“… True worshipers will worship the Father in spirit and truth, for they are the kind of worshipers the Father seeks.” John 4:23
One thing has been made clear throughout the Bible: Sometimes our worship is not up to snuff with God; far from being indifferent to our gathered offerings, he prefers a certain kind of worship. Abel’s was acceptable, and Cain’s was not. The ancient Jewish society in Amos 5 offered worship that was so distasteful to God he called their songs “noise” and said their worship festivals “stank.” Is it possible this still happens? Offering what we believe is a blessing to our God, all the while he can’t stand the sound of our songs?
The good news is that this is not a stylistic or even an excellence issue, in the classic sense. When it comes down to it, all our clapping, all our singing, all our beautiful and affecting music, all of our soloists and our choral prowess, all of our mini-movies and visual elements, our “up-to-date” or “rooted in the past” worship setlists—none of this matters to God. What matters to God is worship that is offered in spirit and truth.
Even a Samaritan
When Jesus presented his classic living-sermon on worship, many things were in play. On significant aspect was the immediate audience of his teaching: a Samaritan who also happened to be a woman (which was certainly meaningful at the time) with a questionable reputation. What can a person like this have to offer in our understanding of worship in spirit and truth? So much, but we can start with these three lessons.
1. Worship can happen anywhere.
Paraphrase: “Well these religious people say God can only hear you if you pray at this mountain. Other ones say it’s that mountain. Which mountain is the right one for me to offer my worship?” This was her question after Jesus made clear his authority by prophetically naming her marital status. Aside from the fact that she seems to be skirting the more embarrassing issue, it’s kind of a strange question that may seem antiquated to the modern church attendee. Mountain? What’s all this talk about mountains? Why not just pray where you are? But if we look at it a little differently we will see some modern applications: “Which church should I go to in order to really worship?” Even more, do we assume true worship can only happen through a certain style? “Which songs should I offer, those of Watts or those of Tomlin?”
It’s not too big of a leap to offer a modern interpretation of that question as, “Which style of music is right for me to use to worship? Classic hymns or modern worship anthems? Arena-styled rock or rootsy folk rock? Gospel or alt-country? Which style is God’s preferred style? Is he a little bit country, or a little bit rock ’n’ roll?” The short answer: He prefers spirit and truth.
2. Worship is more than lip service.
Though it is not explicitly covered in this Bible story, the theme alludes to something that was often part of Christ’s ministry: encouraging worship in spirit and truth over letting the rituals of worship become the beginning and the end. “‘These people draw near to me with their mouth, and honor me with their lips, but their heart is far from me. And in vain they worship me, teaching as doctrines the commandments of men’” (Matthew 15:7–9). Jesus certainly followed the religious rituals of his time, but he also displayed that it was more important that worshipers engage with God than simply go through the motions. God wants hearts that are close to him. Not hands strumming nicely-tuned guitars but void of connection. And along with leading worship that is engaged and engaging, we must always look at our rituals and ask if they are becoming more important than the person they were designed to point us toward. Matt Redman asked this question in the now-classic story about the song “The Heart of Worship.” In that case, music was the ritual that was distracting people from worshiping in spirit and truth.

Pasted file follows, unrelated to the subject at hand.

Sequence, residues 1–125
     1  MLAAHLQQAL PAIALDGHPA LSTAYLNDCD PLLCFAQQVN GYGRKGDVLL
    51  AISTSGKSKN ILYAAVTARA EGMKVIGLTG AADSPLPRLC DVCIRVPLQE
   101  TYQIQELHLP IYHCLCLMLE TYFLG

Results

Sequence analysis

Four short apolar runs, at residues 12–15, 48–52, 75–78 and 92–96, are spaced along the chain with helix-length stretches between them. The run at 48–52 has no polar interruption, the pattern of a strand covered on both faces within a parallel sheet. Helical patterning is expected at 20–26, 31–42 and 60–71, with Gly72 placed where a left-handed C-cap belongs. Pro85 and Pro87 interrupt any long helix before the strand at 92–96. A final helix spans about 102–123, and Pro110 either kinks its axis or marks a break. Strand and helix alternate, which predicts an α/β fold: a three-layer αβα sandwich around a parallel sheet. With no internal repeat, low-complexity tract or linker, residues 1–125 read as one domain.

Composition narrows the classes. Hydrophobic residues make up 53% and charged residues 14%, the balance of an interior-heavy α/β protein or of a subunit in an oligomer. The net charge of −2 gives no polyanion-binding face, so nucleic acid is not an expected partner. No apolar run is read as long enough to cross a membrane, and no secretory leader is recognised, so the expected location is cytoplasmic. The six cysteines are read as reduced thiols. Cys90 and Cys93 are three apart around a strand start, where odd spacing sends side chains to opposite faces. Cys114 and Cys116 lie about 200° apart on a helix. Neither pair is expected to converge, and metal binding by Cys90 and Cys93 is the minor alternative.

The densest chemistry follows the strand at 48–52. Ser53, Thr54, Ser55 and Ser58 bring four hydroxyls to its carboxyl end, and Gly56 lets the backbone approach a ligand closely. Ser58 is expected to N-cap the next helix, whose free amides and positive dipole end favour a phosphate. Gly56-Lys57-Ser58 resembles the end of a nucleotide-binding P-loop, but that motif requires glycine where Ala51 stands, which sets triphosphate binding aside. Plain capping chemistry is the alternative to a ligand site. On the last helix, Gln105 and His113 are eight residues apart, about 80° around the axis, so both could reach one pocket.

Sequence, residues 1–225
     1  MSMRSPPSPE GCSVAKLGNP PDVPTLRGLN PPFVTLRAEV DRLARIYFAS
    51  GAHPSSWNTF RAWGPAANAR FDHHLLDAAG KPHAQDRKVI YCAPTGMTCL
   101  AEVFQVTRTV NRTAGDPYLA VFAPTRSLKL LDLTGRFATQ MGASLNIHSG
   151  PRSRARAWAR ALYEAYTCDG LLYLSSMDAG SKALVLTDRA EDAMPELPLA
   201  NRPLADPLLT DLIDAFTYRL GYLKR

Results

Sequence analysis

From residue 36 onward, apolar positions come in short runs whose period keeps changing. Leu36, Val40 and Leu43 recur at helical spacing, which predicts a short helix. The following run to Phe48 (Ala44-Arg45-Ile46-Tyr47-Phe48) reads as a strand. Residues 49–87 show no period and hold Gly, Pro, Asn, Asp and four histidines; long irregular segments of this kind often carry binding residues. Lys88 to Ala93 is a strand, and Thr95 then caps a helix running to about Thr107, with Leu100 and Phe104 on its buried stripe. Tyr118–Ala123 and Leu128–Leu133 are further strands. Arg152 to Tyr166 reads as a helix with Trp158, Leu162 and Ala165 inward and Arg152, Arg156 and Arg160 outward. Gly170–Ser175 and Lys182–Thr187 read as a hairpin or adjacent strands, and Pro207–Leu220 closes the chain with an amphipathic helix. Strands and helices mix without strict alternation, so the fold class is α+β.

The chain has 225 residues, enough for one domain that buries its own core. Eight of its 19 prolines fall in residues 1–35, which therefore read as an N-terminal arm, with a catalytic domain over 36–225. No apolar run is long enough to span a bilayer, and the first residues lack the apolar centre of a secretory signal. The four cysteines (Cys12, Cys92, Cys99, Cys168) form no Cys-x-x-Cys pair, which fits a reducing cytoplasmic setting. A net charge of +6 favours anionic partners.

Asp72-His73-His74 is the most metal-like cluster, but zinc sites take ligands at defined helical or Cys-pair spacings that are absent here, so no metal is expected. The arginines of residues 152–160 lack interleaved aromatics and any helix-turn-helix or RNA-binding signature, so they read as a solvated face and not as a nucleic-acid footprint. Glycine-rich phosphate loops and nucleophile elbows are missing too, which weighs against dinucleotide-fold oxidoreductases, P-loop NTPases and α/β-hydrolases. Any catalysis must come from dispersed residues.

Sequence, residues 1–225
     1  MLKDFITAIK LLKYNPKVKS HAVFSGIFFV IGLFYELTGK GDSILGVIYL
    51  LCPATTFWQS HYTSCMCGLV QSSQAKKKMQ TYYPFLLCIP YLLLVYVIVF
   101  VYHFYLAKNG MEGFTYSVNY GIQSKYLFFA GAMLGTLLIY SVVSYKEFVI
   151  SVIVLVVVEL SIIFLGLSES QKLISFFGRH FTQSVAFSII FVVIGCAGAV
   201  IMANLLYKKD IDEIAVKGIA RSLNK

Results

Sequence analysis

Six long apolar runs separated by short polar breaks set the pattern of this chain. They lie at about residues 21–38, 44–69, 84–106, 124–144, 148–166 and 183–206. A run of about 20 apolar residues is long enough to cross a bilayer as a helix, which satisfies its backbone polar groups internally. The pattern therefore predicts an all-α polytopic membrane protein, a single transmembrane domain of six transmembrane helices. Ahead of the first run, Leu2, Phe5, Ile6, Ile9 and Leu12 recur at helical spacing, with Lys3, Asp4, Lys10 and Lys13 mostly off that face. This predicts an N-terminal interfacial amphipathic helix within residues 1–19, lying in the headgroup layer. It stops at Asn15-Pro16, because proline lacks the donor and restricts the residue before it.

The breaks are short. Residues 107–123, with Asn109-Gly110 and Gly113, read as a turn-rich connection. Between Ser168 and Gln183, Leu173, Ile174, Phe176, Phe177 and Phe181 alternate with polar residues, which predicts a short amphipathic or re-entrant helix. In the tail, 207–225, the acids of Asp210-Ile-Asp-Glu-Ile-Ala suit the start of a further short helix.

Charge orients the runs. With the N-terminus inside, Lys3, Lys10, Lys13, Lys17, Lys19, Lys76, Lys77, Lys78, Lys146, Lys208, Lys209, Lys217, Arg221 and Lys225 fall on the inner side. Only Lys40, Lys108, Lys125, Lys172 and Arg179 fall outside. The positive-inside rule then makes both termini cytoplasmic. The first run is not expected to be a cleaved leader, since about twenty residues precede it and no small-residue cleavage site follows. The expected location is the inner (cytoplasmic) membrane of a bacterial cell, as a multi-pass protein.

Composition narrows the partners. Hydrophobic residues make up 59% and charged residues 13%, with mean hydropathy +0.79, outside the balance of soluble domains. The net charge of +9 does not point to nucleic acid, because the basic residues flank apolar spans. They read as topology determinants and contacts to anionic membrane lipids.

3. Worship comes out of a real understanding of God.
This deep emotional and engaged worship requires one thing: as much as is possible within the capacity of each individual, acceptable worship is offered with a real understanding of who God is. An understanding of his heart, his promises, his story of redemption, the depth of his character—the life, death, and resurrection of his son Jesus Christ.
John Piper says, “Truth without emotion produces dead orthodoxy and a church full of unspiritual fighters. Emotion without truth produces empty frenzy and cultivates flaky people who reject the discipline of rigorous thought. True worship comes from people who are deeply emotional and who love deep and sound doctrine.” (Read it here)
This is why God wants worship that is in concert with righteousness and his justice in the world (Amos 5). He wants worship offered in humility (James 4:6). He wants worship that declares his truth and his story (Luke 22:19). He desires the sacrifice of “a broken spirit; a broken and contrite heart” (Psalm 51:17). God wants worship that takes place in real life, offering our bodies as living sacrifice and continually renewing our minds (Romans 12:1-2). When we worship in spirit and truth, we lead worship with of a real understanding of who God is.
We have been offered the water that never runs dry. Jesus offered the same to a person who many at the time considered the lowest of the low. And this is good news for us. Wounded people, flawed people, people who make mistakes—the living water is available to all of us. And as people who have been pulled from the miry clay, how do we respond to our Savior? How do we pour out our offering of worship to him in a way that is pleasing to his heart? Well, the answer according to Jesus is to worship … in spirit and truth.